Researchers have discovered mind-boggling fossil prints in the Grand Canyon that dates back over 300 million years ago

Fareeha Arshad
Photo byPhoto by Omer Nezih Gerek on Unsplash

In 2016, during a hike in Grand Canyon National Park, ancient footprints were discovered that date back approximately 313 million years. These footprints on the side of a boulder that fell off a cliff represent the oldest vertebrate tracks in the Grand Canyon. The discovery is significant because it provides evidence of shelled-egg-laying animals, such as reptiles, and offers insights into the earliest evidence of vertebrate animals walking in dunes.

The footprints were found on the Bright Angel Trail, and if the cliff had not collapsed, the boulder would have remained hidden, and the ancient tracks may have never been noticed. This stroke of luck allowed researchers to study these ancient trackways and gain insights into the type of animal that left them when the rocky surface was a dune slope.

The tracks reveal two sets of footprints left by basal amniotes, early tetrapod vertebrates that may belong to the base of the reptile evolutionary tree. The first set of tracks shows a distinctive sideways-drifting pattern, indicating a lateral-sequence gait in which the legs on one side of the animal moved after the legs on the other. This gait is commonly observed in living species like dogs and cats when they walk slowly. The discovery of this gait in these ancient tracks provides valuable information about the early history of vertebrate animals.

The reason behind the sideways gait remains unclear. However, these tracks demonstrate that basal amniotes inhabited sand dune regions even in ancient times. Also, though it is challenging to determine the exact identity of the animal that left these tracks, they resemble Chelichnus, a set of ambiguous fossil tracks in Scotland dating to the Permian period.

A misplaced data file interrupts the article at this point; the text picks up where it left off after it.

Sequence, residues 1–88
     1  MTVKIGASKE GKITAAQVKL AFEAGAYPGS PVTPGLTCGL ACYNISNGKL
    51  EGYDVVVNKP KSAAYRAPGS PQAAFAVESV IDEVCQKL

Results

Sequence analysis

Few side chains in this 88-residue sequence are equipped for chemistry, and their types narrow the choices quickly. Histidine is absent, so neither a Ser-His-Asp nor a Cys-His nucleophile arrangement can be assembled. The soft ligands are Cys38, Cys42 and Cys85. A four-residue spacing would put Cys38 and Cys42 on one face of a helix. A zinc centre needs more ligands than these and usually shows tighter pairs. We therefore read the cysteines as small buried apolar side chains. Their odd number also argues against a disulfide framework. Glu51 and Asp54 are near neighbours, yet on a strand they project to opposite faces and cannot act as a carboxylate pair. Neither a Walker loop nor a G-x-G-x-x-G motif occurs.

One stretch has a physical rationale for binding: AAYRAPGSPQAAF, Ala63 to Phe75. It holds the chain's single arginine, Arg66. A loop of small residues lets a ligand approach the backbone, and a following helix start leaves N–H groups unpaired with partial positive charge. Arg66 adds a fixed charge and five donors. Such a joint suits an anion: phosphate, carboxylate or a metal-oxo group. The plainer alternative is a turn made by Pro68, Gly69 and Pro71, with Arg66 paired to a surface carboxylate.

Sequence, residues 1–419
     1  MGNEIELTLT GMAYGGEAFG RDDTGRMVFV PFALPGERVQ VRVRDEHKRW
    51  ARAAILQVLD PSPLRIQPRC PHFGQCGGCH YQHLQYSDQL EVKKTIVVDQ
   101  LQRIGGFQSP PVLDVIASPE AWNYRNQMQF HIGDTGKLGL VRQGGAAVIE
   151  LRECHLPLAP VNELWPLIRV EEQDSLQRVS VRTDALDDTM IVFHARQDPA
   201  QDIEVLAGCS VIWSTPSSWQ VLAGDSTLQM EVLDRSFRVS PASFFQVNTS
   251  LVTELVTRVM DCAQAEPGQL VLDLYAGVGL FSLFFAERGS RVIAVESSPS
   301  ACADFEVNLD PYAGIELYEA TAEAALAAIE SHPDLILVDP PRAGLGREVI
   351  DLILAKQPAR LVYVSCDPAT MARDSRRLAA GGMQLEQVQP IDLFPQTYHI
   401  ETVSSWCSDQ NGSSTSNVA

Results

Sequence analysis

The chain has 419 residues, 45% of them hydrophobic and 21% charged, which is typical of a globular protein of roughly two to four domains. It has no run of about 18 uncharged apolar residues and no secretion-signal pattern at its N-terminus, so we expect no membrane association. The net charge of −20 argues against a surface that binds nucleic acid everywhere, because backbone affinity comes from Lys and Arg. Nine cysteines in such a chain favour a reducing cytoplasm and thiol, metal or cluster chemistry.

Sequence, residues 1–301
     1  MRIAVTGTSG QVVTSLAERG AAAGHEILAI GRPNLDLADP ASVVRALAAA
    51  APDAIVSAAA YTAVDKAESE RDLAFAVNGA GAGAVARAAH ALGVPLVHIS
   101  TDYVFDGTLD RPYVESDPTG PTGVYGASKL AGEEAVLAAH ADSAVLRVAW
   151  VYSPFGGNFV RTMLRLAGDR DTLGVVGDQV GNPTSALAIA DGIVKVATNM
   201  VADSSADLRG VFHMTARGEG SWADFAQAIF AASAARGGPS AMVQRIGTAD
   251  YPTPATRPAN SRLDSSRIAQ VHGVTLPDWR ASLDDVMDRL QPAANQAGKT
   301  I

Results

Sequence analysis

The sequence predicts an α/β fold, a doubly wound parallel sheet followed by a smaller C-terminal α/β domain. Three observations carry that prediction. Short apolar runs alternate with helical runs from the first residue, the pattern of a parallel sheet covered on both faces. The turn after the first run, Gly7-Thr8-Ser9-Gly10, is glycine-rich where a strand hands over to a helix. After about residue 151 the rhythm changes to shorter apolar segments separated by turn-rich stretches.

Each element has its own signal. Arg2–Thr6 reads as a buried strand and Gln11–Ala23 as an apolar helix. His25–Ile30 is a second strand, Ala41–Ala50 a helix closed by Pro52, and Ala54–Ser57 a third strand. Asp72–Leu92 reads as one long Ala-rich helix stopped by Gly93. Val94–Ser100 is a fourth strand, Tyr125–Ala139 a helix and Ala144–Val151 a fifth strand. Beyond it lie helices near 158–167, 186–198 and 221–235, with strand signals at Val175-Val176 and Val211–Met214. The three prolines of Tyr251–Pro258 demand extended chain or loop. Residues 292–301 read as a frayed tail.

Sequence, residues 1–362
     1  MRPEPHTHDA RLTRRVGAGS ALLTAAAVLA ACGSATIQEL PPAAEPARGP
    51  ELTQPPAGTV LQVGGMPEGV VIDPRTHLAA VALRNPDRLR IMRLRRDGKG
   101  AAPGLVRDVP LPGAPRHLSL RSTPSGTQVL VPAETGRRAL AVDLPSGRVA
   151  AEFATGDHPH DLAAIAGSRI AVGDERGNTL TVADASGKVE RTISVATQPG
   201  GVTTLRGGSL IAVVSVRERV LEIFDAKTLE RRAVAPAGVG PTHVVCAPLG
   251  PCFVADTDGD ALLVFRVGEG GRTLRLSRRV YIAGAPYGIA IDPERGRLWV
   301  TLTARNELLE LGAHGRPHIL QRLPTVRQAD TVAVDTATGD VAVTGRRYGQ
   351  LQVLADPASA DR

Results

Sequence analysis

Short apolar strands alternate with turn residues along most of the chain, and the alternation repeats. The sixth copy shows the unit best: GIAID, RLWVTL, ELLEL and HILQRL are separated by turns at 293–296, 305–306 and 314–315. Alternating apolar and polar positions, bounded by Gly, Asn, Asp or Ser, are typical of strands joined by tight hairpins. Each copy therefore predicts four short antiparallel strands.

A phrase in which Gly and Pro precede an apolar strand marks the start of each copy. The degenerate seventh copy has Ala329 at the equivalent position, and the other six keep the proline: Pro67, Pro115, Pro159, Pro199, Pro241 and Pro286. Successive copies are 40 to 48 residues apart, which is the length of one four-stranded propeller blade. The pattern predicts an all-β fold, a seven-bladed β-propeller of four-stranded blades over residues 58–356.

The discovery of these ancient footprints in the Grand Canyon provides valuable insights into the early history of vertebrate animals. It highlights the presence of shelled-egg-laying animals and their ability to navigate sand dunes. The fortunate circumstances of the cliff collapse and the subsequent encounter by hikers allowed scientists to uncover these tracks and learn more about the ancient creatures that once roamed the area. However, the identity of the trackmaker and the complete story of this ancient species remains elusive, as there is no record of their bones in the fossil record.

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I am a scientist by profession and a historian by passion. I mostly write about history and science.

Texas State

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